A Dark, Clever Novel Asks, What Happens When Women Ignore Their Appetites?

A review of Lottie Hazell's novel 'Piglet'


Pity the bookseller who’s got to figure out where to shelve Lottie Hazell’s debut novel, “Piglet.”

The plot of 'Piglet' revolves around a woman who learns a devastating truth about her fiancé and begins binge-eating as she contemplates whether or not to marry him. The book defies easy categorization, as it combines elements of horror, romance, and explores profound questions about the power of appetite in women's lives. While it may be dismissed as frivolous and small by some, it tackles issues that are significant and relevant in real life.

A Book that Defies Categorization

As the author Jennifer Weiner points out, 'Piglet' presents a challenge for booksellers as they struggle to determine where it should be placed on the shelves. Is it a light, forgettable romance novel or a weightier, prize-worthy work of fiction? In her opinion, 'Piglet' is a book that has something for everyone, and she would personally hand-sell it to every customer. She argues that it would fit well under the horror genre, particularly due to a memorable scene involving Piglet's family attempting to fit her into her wedding dress.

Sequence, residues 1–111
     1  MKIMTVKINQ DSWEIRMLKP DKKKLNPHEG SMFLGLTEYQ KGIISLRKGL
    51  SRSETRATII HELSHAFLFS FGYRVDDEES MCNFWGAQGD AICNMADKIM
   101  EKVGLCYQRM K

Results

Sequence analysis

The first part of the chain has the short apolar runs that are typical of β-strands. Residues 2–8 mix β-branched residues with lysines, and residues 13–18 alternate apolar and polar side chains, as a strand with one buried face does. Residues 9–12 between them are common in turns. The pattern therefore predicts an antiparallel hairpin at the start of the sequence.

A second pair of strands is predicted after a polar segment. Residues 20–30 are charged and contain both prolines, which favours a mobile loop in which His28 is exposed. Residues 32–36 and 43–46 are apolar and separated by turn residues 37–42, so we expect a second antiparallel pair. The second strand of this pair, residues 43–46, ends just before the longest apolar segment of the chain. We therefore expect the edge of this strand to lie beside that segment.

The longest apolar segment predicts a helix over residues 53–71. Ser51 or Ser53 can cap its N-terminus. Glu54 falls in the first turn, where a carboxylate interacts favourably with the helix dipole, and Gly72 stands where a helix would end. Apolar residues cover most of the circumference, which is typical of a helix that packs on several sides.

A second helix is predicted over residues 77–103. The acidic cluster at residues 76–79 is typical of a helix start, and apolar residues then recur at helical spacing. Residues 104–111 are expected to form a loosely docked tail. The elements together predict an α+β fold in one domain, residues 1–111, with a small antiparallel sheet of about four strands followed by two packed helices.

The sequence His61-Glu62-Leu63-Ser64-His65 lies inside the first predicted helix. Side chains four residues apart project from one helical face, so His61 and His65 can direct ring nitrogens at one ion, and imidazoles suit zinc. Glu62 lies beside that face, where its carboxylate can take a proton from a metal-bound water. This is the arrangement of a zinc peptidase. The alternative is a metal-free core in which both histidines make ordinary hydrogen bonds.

Powerful Prose and Mouthwatering Descriptions

The author, Lottie Hazell, crafts her prose with precision and intention. Her writing style is sharp and controlled, with sparing use of descriptive language. The only time she indulges in vivid descriptions is when it comes to food, creating an enticing contrast. Hazell's ability to evoke the sensory experience of cooking and eating adds richness to the narrative. The descriptions of dishes and flavors are so tantalizing that readers may find themselves hungry while reading the book.


Exploring Women's Appetites and Hunger

In the context of the current cultural focus on weight-loss drugs and the notion of suppressing appetites, 'Piglet' takes on added significance. The book raises thought-provoking questions about what happens when women ignore their appetites or no longer desire 'more, more, more.' Hazell delves into the consequences of denying one's hunger and the societal pressures placed on women to control and push down their natural desires. Ultimately, the central theme of the book revolves around the choice between embracing a rich, fulfilling life or succumbing to societal expectations and being consumed by them.